Merritt Clubs Blog

What a Personal Trainer Can Teach You

Posted by Merritt Clubs

Jan 24, 2017

Have you ever thought about the value of a personal trainer? It is not uncommon for people to have a certain trepidation over someone standing over them, while they struggle to lose weight and get fit. However, knowing in advance what a personal trainer can teach you can put your mind at ease. A personal trainer has the education and expertise to understand your needs, goals, and limits. Therefore, they are an invaluable asset for achieving and maintaining a healthy lifestyle.

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Topics: Personal Training, Personal trainer

Premiere Fitness Health Club

Posted by Merritt Athletic Clubs

Aug 31, 2016

Choosing to join a gym is a big decision and can truly be an overwhelming process. Whether you're working out at home and feel the gym would offer more inspiration or are only just beginning to work out, it is imperative that you get the most out of the exercise gym. Regardless of where you are in life, there are some details that you certainly need to think about before deciding on a gym.

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Topics: Personal Training, MD health clubs, health clubs, best health clubs, Personal trainer, best health club, merritt clubs, premiere health club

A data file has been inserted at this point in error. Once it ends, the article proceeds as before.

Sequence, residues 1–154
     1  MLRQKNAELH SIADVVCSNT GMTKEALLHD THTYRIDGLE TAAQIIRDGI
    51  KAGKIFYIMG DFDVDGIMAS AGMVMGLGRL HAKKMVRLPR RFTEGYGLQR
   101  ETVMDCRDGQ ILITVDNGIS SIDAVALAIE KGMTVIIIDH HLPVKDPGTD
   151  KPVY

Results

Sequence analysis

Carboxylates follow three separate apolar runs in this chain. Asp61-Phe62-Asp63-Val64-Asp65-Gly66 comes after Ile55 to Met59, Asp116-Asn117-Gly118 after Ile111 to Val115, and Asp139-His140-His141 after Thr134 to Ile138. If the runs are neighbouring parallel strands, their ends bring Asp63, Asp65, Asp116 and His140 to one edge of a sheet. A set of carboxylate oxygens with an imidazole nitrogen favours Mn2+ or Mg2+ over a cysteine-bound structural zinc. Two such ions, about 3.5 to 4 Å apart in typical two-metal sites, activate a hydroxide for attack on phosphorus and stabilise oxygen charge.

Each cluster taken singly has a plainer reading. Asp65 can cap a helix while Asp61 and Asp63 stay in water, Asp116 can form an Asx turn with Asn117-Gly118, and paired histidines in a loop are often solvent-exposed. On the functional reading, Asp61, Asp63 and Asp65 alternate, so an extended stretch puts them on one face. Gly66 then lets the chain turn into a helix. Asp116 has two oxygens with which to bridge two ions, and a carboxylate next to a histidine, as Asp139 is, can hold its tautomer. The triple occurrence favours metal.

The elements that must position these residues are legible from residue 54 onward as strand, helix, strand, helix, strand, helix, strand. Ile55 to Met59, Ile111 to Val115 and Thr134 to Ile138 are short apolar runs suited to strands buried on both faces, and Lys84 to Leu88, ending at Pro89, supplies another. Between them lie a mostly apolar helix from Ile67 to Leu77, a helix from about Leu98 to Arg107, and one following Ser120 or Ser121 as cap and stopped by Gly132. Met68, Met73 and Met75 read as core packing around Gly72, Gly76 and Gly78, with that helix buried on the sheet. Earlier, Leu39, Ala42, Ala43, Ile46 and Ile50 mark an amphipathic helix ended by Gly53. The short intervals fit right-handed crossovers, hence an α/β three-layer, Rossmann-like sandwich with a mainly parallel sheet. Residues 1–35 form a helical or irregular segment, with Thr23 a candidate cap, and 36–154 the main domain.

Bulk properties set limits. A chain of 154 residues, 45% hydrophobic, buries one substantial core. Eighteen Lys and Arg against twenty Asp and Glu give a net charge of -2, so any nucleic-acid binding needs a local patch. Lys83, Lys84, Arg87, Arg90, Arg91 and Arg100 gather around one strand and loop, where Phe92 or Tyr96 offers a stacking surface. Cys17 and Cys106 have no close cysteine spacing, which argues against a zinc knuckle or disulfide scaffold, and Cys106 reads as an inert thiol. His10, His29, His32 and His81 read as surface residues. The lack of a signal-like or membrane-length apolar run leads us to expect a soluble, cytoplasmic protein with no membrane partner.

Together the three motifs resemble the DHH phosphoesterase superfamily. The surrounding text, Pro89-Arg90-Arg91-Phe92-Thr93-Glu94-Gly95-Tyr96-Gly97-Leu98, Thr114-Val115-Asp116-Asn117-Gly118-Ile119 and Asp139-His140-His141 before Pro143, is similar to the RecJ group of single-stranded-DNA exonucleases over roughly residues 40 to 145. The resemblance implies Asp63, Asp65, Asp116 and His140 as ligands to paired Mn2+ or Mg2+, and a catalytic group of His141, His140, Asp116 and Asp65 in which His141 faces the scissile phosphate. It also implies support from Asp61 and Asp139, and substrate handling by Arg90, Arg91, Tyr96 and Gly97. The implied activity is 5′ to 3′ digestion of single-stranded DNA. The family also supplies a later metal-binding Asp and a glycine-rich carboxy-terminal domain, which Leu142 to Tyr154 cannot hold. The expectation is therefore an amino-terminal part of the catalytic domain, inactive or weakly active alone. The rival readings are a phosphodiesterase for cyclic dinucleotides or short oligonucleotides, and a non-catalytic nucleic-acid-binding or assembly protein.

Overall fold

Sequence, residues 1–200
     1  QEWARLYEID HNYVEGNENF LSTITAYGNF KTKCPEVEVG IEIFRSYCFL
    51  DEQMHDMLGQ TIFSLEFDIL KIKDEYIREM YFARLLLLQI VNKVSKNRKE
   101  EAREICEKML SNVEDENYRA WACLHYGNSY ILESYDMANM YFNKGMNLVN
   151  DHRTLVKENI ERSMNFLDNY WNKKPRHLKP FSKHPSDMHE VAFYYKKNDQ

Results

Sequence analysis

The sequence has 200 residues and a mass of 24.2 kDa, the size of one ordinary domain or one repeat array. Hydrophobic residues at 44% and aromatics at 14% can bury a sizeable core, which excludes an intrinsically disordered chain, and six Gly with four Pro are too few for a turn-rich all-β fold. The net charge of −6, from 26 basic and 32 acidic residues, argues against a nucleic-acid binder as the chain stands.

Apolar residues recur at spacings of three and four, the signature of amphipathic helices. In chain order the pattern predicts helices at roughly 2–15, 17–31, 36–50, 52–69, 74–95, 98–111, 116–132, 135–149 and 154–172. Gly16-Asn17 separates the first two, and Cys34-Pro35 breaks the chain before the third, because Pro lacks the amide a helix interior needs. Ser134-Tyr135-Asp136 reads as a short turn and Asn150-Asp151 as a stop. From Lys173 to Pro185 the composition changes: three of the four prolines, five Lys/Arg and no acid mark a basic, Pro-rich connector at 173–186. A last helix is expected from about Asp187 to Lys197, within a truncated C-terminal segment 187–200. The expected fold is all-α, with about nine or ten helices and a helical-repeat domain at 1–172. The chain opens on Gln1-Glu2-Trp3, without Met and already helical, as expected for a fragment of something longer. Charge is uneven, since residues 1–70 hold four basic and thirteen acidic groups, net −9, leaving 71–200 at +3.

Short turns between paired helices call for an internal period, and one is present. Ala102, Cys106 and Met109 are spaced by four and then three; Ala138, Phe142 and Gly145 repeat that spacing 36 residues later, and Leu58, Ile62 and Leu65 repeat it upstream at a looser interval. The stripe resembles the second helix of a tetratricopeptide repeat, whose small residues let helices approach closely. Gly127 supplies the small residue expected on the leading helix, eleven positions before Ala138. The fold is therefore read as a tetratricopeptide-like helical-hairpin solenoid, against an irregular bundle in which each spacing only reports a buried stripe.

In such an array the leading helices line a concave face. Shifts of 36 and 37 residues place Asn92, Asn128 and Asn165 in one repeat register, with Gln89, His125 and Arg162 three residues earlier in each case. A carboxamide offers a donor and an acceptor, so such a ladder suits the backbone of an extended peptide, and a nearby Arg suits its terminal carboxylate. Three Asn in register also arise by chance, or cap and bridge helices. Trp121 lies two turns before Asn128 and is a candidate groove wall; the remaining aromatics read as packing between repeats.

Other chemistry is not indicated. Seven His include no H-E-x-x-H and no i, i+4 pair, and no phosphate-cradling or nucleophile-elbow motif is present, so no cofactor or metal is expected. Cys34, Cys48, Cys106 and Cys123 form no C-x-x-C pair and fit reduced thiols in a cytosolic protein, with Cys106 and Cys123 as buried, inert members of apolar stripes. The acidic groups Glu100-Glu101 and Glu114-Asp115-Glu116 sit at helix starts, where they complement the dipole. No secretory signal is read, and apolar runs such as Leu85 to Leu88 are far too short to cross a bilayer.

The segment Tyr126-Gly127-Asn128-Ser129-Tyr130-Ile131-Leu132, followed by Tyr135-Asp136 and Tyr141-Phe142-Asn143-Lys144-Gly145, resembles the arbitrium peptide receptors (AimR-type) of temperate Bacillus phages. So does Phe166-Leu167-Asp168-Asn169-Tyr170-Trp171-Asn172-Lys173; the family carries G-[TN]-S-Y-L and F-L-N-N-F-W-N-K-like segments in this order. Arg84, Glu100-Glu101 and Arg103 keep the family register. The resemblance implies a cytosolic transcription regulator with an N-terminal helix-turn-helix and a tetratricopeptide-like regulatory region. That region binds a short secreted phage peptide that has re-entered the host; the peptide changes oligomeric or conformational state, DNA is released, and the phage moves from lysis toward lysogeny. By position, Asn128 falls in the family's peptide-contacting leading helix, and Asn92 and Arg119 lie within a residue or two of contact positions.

Nutrition and Strength Training Goals: A Woman's Perspective

Posted by Joanna Meade

Feb 12, 2015

Last night was our last free Women & Weights seminar. We ended our six week seminar with a discussion on nutrition. I wanted it to be a positive discussion. So many people, women in particular, struggle with their body image and have negative feelings toward the word diet. Your diet is what you regularly eat, not just something you do to lose a few pounds. Your diet is not temporary. I didn’t want it to be another disheartening talk about all the things we shouldn’t be eating. My take home message was this: Focus on adding a wide variety of nutrient dense foods to your diet, not on everything you should avoid. Here’s why:

In the United States, we universally over-consume sugar and sodium, while simultaneously under consuming Vitamin D, Vitamin E, potassium, Calcium and fiber. It’s the obese and malnourished paradox. When focusing on all the things we’re supposed to avoid (cholesterol, saturated fat, etc.), we forget about a lot of things we should be eating - like adequate protein, vitamins and minerals. We eat far too many processed foods stripped of nutrients and far too few whole foods and home-made meals. The average American woman is protein, iron and calcium deficient. This has serious impacts on strength training and was the focus of my seminar.